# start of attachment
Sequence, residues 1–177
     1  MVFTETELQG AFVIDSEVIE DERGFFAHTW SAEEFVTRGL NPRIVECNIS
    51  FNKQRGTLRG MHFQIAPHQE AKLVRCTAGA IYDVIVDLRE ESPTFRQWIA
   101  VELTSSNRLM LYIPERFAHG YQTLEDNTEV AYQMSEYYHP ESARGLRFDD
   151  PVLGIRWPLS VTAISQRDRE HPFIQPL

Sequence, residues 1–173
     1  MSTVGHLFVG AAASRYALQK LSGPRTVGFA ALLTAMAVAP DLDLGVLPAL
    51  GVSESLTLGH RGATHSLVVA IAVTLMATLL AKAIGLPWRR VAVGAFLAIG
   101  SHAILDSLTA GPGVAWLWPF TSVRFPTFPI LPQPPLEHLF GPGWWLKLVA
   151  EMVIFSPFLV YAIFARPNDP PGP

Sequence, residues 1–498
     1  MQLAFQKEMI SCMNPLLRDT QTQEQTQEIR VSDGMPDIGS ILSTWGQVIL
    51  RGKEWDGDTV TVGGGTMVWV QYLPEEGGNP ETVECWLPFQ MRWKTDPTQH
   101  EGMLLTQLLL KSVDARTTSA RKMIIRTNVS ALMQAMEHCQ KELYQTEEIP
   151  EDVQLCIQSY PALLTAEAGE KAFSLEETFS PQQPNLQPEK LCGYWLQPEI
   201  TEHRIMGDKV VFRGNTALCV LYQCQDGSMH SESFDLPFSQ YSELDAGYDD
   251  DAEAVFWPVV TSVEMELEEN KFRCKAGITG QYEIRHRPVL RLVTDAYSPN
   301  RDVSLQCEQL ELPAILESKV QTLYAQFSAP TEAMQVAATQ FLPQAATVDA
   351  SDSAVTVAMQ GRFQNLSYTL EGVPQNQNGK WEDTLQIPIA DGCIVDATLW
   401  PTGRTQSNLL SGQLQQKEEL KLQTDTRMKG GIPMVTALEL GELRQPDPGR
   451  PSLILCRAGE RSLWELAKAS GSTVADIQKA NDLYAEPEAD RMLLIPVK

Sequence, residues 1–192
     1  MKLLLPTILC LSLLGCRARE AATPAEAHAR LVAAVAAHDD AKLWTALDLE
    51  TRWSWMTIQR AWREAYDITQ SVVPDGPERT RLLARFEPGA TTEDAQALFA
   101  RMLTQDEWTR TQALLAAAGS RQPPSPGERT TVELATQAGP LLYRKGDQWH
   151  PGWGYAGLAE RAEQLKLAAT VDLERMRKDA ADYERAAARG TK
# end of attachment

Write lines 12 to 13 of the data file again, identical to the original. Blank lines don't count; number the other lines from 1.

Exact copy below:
     1  MQLAFQKEMI SCMNPLLRDT QTQEQTQEIR VSDGMPDIGS ILSTWGQVIL
    51  RGKEWDGDTV TVGGGTMVWV QYLPEEGGNP ETVECWLPFQ MRWKTDPTQH